Dr. Gupta joins CVA with vast expertise in multi-modality cardiovascular imaging for clinical and research applications. He is married with two young children and participates in various community activities including serving as immediate past president of American Association of Physicians of Indian Origin- Birmingham/ Central Alabama Chapter.
Dr. Gupta will be offering the following at CVA and Brookwood Baptist Medical Center:
• Cardiovascular Consultations
• Acute Cardiovascular Care
• Expert Cardiovascular Imaging and Reading
• Cardiovascular Clinic Office Visits
• Non-Invasive Cardiovascular Procedures
For more information on Dr. Gupta and the services available at Cardiovascular Associates contact us at (205-510-5000) or visit http://www.cvapc.com/ .
Wednesday, January 4, 2017
By: Lori M. Quiller, APR
Director, Communications and Social Media Medical Association of the State of Alabama
Physicians Giving Back
From the Treatment Room to the Classroom with Wick Many, M.D.
MONTGOMERY – He jokes about it now, but Wick Many, M.D., said he was a sickly child who spent a lot of time in his pediatrician’s office. For those times when he was too sick, his doctor would make house calls…an experience he did not look forward to.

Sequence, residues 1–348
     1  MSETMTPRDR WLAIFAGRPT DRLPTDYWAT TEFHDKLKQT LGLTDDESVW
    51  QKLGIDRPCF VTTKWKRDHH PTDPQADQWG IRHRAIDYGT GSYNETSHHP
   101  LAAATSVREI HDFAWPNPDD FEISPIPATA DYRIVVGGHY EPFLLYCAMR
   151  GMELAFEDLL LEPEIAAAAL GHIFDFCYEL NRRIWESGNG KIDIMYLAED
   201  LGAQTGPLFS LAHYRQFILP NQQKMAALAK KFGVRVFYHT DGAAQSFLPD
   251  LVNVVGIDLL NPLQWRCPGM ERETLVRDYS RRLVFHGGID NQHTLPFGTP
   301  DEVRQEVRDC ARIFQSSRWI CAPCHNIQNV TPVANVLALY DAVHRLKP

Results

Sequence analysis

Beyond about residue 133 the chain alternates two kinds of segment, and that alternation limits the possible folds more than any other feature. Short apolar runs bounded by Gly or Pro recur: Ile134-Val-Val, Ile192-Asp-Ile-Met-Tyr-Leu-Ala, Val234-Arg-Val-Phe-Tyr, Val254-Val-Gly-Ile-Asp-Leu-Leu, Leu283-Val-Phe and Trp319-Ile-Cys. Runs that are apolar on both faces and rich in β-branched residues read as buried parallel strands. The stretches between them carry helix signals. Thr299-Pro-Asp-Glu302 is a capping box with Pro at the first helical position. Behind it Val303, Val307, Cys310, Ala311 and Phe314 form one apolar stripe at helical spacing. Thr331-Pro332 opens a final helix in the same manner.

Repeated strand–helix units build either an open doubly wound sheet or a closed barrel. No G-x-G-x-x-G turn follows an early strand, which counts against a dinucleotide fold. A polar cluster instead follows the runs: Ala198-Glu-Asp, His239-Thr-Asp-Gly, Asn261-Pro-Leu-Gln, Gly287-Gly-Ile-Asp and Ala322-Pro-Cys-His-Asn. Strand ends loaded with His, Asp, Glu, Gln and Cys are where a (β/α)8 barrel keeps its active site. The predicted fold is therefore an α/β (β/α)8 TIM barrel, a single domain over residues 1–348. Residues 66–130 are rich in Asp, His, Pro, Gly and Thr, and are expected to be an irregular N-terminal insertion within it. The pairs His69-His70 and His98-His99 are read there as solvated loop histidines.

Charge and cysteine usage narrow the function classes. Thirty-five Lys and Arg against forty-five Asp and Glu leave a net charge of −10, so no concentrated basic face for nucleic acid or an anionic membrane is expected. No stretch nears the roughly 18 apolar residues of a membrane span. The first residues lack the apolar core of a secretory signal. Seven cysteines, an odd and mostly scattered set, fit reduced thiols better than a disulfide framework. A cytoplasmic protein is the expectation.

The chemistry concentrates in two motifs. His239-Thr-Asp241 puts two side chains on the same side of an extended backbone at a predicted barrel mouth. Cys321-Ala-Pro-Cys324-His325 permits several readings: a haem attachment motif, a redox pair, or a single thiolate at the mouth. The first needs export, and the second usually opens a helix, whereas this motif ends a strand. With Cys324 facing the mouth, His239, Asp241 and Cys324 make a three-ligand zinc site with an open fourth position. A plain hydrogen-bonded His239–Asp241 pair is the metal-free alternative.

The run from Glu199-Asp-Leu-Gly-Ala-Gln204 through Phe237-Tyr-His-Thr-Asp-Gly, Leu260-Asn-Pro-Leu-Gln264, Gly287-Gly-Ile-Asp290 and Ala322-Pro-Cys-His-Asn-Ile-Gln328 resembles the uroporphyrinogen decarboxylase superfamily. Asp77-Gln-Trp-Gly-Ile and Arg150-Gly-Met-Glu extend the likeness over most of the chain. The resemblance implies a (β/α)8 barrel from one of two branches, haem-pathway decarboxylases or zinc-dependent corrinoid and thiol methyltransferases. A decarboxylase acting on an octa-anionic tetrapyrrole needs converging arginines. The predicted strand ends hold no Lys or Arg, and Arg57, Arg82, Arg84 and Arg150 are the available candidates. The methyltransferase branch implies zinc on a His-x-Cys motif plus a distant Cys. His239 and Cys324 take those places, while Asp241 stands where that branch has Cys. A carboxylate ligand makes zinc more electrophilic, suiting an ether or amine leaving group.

“Back then, in the 1950s, pediatricians would come out to your house at the end of the day. They would spend all day in their clinics seeing children, but then for those who were really sick, they would make house calls. I was scared to death!”
Dr. Many laughed. “The doctor would come in with his big brown doctor’s bag, and that usually meant I was going to get a shot of something. That was my first recollection of medicine.” Dr. Many grew up around medicine. A native of New Orleans, his mother was the paging operator at what was then the Southern Baptist Hospital of New Orleans. Because she worked night or evening shifts and couldn’t come home for dinner, family dinners were often taken on the ER ramp.
“No one in my family had a medical background, but at some point in high school, I decided this was what I wanted to do. I didn’t have an A-HA moment or an epiphany, it’s just what I knew I wanted to do,” Dr. Many said.